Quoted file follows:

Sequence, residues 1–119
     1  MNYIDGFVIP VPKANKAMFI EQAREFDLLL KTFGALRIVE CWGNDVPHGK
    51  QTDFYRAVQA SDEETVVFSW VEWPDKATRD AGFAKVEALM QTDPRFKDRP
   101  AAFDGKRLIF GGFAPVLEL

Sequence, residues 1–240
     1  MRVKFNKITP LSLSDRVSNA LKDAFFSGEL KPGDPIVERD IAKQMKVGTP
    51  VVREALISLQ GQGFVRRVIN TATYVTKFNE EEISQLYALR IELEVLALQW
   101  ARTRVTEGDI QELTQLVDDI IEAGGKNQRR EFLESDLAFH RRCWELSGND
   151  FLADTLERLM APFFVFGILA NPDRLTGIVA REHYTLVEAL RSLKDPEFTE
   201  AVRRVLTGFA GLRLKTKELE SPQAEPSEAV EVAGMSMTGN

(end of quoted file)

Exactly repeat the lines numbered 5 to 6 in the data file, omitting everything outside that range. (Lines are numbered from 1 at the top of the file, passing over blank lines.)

Sequence, residues 1–240
     1  MRVKFNKITP LSLSDRVSNA LKDAFFSGEL KPGDPIVERD IAKQMKVGTP